Welcome to spring and Kapha. Kapha (Kaap ha) is a term from Ayurveda, yoga’s sister science, used to describe one of the ways life force is made manifest. Kapha is described a blend of the earth and water elements, and predominates in the spring.
Underground, through the winter, all of the seeds have been sleeping and dreaming into their new lives. Each year, these little geniuses obey their genetic messaging, breach their protective casings, and reach for this new life. Wisely, they send a root downward and a shoot upward, simultaneously providing a foundation and a burst of delight into the unknown.
The soil has to be soft enough to make way for these actions, and firm enough to support those tiny white root hairs and tender green shoots. Mud is the perfect medium, a blend of water and earth.
You may be feeling some of these energies running through your body and mind recently. The mind tends to skip into future thinking, planning trips perhaps, fantasizing about doing things we used to do. But our roots may be confused about their role.
How do I create stability now? I might refer to last spring, when I behaved more like a strawberry plant, sending runners out and accepting any available place to extend roots downward: no work? OK. Unemployment, OK. Teach on Zoom, OK. Wear a mask, bathe groceries, detox mail, keep your distance….rapid, continuous adaptation has been the story. The strawberry fruit found a way to come forth, complete with seeds, and I made it all the way around the cycle to this day.
For a life that feels more resourced, let’s follow the lead of grander plants, the wisdom of the great trees. When we work with breath, or prāna, we’re harnessing the water element. We can learn to direct this breath/prāna/water into the density of our earth-like bones. We can also become more like the steady, slow mud, that sustains gradual growth. I love to breathe slowly and fully, into injuries: it encourages intimate communication and a pathway for healing. Spring is the best time for these practices: by summer, the soil may be too hard to receive this nourishing drink.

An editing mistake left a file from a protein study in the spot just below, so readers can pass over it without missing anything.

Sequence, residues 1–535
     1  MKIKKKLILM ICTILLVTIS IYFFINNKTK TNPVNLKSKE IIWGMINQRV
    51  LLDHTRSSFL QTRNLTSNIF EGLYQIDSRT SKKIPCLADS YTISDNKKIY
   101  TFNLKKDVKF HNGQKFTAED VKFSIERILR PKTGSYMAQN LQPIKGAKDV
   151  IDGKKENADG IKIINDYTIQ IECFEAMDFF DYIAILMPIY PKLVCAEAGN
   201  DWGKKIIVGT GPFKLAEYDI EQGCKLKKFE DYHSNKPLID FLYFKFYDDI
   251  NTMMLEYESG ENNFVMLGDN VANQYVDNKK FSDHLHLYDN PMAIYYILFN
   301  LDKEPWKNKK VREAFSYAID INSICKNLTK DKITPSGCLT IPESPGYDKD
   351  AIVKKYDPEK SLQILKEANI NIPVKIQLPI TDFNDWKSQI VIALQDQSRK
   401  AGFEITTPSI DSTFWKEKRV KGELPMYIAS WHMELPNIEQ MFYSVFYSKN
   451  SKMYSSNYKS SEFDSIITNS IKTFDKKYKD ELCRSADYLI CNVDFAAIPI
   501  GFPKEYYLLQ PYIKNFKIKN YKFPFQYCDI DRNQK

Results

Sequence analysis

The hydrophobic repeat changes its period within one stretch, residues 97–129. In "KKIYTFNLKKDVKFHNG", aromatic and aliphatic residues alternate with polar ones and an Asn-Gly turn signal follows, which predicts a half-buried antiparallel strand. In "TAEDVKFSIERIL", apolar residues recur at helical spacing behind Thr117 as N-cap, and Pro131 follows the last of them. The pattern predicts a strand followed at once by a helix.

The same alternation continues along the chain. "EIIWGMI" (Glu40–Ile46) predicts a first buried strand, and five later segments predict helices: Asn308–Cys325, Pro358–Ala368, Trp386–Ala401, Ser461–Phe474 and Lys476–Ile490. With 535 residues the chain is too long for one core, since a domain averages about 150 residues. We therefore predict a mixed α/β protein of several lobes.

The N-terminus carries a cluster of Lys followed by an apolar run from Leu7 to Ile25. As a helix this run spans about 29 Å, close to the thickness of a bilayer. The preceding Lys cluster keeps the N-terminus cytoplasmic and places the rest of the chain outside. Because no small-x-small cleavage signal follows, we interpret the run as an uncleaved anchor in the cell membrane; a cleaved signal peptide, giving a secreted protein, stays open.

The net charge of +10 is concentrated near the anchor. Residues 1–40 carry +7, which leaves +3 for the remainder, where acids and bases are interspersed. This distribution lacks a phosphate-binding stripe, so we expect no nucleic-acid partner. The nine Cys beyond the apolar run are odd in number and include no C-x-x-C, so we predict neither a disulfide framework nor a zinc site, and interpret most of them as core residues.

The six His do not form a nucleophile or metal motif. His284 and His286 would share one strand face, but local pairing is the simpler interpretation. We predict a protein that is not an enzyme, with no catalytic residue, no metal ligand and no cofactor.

Prānāyāma is the regulation of breath, and the 4th of the 8 limbs of yoga, and is a profound practice.
I integrate prānāyāma into my āsana practice and teaching.
Using breath mindfully is like irrigating your body with nourishing life force.
As we deeply water the tree’s roots, we can then enjoy the fresh new life that’s coming to the branches: youthful green leaves, quaking and oscillating in the wind, peeping and squawking birds, tittering and dashing in jolts of excitement.
BKS Iyengar says that all beings have a certain number of breaths to use over a lifetime. If we pant, high and shallow, like a baby bird, we’ll use up that allowance pretty quickly. Should we follow the elephant’s lead, a longer life might be our reward. Could we learn to breathe like a giant Sequoia? Try this practice and notice how you feel.
Sit comfortably. Close your eyes and begin to listen to the sounds around you. Do you hear birdsong? Traffic? Just listen.
Next, feel the entire foundation of your seated posture: bum, legs, feet. Invite yourself to become like a grand old tree, with stout strong trunk. Feel that you have roots reaching down from your foundation and begin to inhale into those roots. Each time you breathe in, send prāna and consciousness down through your roots. Extend further down each time.
As your tree’s base becomes stronger, start to breathe into your back body – back of hips, waist and chest. Use your exhalations to get more and more relaxed, like softening mud, making way for the breath to really penetrate the fibers of your skin, muscles, bones, etc., Next take breath up the front and sides of your torso. Let breath move down your arms, each inhalation extending your prana’s territory. Relax more deeply with each exhalation. Feel your strength, your groundedness.
When you feel your tree is firmly seated, allow the breath to move into your neck and head. Imagining these regions to be more like the branches of the trees. Are there fresh green leaves emerging from twiggy branches? Are there tiny blossoms oscillating in the wind? Maybe a bird’s nest has gaping, cheeping mouths? Feel the lively quality of spring that is here. Enjoy the movements, the airy spaciousness.
Now, listen again for the sounds around. Notice how this is, having spent time and energy growing your sturdy tree.
Enjoy the day.
I am delighted to be able to offer scholarships again for yoga therapy. Please don’t be shy if you are in need of support or if you know a frontline worker who you could refer to me for stress relief. Likewise, if you’re moved to support this program as a donor, please contact me.